Originally published on metropolis.co.jp on May 2012It’s tough to be a sixth-grader in a disaster-stuck town like Minamisoma. Not just because they are dealing with grief and the ongoing danger of radiation exposure, but also because children at that age still want to play and be carefree. On the cusp of adulthood, they are also old enough to worry about the future of their community and whether they can play a role in rebuilding it.
“I think the kids are really strong,” says Nadia Lombardo, organizer of a recent event to help children from Minamisoma realize their potential to heal and to contribute through art. “It shouldn’t be all about victimization. They want to be active; responsible for their own place.”
As a representative of EastEdge Resorts—a hospitality brand that promotes several hotels and ryokan in Nagano and champions slow food, community-building and cultural experiences—Lombardo invited sixth graders to stay at their Azumaya Resort near Karuizawa as a graduation present.
The weekend event was realized through collaboration with the Save Minamisoma Project, which arranges bi-weekly deliveries of fresh vegetables and safe drinking water to Minamisoma, and the Tokyo-based art space Traumaris. Held March 31-April 1, it included the usual tourist activities like playing in the snow and visiting the hot springs, plus performances by a magician and live painter Julie Blanchin. According to Lombardo, since they have to ration their outdoor playtime at home, just the freedom to stay outside as long as they wanted was exciting for the 39 participants and their parents.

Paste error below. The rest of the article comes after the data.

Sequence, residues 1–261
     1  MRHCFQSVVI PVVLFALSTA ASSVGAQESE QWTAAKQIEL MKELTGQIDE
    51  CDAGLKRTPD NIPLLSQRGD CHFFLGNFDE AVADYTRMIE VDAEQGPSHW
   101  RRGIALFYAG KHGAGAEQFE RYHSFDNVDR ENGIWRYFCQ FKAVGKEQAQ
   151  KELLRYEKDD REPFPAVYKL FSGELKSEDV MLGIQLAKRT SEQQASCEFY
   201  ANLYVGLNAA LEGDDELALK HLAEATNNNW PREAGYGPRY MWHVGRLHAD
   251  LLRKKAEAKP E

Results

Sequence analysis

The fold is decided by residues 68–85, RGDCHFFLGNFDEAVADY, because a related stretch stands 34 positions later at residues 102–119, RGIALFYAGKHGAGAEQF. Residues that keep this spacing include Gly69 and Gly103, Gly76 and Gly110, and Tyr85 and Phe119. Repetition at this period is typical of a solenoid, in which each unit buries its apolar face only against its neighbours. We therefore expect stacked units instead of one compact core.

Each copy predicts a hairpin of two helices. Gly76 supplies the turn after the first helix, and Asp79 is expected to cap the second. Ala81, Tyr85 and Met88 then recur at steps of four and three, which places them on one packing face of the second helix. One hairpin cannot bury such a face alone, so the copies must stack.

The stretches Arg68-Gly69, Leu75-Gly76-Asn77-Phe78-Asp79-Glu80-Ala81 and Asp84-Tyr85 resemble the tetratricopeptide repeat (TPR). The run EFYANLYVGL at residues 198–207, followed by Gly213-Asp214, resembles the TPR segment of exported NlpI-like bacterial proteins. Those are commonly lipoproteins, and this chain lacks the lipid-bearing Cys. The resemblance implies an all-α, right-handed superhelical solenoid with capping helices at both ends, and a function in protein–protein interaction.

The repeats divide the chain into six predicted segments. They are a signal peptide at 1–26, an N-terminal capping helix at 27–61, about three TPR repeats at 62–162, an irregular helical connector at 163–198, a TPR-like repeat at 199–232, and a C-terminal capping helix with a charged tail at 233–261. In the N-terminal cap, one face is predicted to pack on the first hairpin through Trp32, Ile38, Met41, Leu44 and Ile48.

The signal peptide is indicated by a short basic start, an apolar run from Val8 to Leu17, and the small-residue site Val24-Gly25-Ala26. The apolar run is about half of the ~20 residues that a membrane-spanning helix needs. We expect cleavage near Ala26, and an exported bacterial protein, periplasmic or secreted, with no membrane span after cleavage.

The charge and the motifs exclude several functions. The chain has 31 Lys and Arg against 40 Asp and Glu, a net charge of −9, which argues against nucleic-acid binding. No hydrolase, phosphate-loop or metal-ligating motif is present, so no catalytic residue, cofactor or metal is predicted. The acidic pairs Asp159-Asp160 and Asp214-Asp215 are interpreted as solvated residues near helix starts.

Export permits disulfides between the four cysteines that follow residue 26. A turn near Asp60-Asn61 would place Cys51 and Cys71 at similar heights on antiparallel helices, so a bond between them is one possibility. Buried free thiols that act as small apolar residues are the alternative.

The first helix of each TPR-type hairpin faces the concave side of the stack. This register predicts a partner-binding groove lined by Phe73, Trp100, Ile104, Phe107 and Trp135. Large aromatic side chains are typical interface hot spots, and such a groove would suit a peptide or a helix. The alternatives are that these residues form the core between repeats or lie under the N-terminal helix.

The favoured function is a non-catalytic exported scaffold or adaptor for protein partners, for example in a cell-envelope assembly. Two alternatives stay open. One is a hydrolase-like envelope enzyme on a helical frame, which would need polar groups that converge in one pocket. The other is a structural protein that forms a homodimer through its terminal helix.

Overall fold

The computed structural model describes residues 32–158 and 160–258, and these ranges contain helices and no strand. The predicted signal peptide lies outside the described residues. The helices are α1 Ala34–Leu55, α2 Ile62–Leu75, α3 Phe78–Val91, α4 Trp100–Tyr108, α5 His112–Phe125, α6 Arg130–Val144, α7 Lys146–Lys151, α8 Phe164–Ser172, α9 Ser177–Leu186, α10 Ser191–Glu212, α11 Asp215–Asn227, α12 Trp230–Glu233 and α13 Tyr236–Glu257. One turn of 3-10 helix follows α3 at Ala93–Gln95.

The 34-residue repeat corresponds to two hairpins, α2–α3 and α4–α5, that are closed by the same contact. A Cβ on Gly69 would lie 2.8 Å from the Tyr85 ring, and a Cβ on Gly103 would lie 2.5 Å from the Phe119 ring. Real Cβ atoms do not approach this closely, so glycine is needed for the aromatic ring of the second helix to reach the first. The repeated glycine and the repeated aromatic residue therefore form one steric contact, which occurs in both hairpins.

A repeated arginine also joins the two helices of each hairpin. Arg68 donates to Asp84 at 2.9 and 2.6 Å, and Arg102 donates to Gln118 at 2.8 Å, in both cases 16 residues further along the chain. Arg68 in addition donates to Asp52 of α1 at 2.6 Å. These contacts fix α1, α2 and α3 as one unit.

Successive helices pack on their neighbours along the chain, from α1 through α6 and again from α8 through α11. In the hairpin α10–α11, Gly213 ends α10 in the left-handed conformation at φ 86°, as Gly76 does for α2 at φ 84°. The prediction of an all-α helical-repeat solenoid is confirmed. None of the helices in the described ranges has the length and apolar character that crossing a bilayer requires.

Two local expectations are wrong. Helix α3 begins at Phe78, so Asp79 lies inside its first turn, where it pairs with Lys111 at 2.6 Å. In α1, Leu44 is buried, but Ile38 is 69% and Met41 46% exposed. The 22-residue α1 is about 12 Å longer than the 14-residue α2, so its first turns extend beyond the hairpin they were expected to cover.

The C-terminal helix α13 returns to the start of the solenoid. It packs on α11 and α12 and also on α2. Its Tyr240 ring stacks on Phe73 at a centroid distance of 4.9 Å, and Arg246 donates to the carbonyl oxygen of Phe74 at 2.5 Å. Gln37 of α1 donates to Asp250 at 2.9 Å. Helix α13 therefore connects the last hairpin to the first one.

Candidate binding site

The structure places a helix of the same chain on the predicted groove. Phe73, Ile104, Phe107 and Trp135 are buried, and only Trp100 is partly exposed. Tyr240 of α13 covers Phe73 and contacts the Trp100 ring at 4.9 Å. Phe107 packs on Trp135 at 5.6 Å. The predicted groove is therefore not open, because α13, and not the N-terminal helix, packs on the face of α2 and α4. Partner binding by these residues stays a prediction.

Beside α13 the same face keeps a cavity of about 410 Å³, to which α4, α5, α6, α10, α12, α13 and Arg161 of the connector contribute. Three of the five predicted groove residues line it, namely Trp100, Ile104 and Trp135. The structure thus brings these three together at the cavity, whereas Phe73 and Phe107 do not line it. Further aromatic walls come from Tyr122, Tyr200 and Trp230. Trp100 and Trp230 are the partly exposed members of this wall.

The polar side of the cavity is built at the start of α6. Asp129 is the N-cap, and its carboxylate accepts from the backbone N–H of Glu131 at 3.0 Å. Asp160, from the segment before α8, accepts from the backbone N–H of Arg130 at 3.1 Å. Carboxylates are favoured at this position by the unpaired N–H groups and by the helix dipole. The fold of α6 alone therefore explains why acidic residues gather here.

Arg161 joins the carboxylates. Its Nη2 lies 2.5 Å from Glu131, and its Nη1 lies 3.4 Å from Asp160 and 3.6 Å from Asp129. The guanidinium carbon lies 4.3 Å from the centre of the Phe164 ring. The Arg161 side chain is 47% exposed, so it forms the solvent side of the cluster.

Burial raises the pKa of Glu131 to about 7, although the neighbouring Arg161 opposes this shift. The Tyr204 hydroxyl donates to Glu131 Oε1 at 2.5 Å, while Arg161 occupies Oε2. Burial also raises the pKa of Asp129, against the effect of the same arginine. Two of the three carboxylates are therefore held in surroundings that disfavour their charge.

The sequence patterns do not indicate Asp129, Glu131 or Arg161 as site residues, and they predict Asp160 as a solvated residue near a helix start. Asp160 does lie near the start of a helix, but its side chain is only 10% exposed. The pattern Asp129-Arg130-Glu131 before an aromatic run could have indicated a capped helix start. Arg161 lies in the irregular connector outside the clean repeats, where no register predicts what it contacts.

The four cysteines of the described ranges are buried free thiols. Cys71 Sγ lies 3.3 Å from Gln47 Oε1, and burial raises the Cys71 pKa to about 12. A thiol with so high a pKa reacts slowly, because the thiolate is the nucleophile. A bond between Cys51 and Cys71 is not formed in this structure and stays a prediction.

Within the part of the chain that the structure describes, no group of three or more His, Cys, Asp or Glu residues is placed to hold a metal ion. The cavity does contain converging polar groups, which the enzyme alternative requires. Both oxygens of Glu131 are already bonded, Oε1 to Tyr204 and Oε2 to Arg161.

The main events, though, were the workshops. In one, the children constructed a “rocket stove” with sculpture artist Hitoshi Nishiyama. The stoves are constructed out of common, readily available materials like cinderblocks and metal cans and can cook food, bake bread or be used for heating. Once completed, kids had the option of bringing the ovens home or donating them to shelters in Tohoku.
In the “Life Stripe Workshop,” kids created an artwork of colorful stripes meant to represent one day in their life, using different colors to represent a variety of activities, like studying, hanging out, exercising or using digital media. “It’s a tool to see into other people’s lives,” says Lombardo. By comparing their work to others, they can see similarities and differences and it opens up an avenue of communication.
After finishing, the children were given the choice of taking their artwork home or allowing it to be exhibited to raise money for the Save Minamisoma Project. Every child agreed to have their works displayed. Some pieces were already included in a Life Stripe exhibition in Milan, and the complete set will soon be on display in Tokyo.
Lombardo says the universal participation is a sign that the kids have understood the message they wanted to convey: that they can be active and creative members of the community. “We wanted the children to experience life through art. We wanted to use art as an educational tool. They can create, they can change, or even just make life more beautiful with their creativity and imagination.”
Jun 12-17, 11am-8pm, free. Spiral Garden, Spiral Bldg, Minami Aoyama 5-6-23, Minato-ku. Nearest stn: Omotesando. www.spiral.co.jp.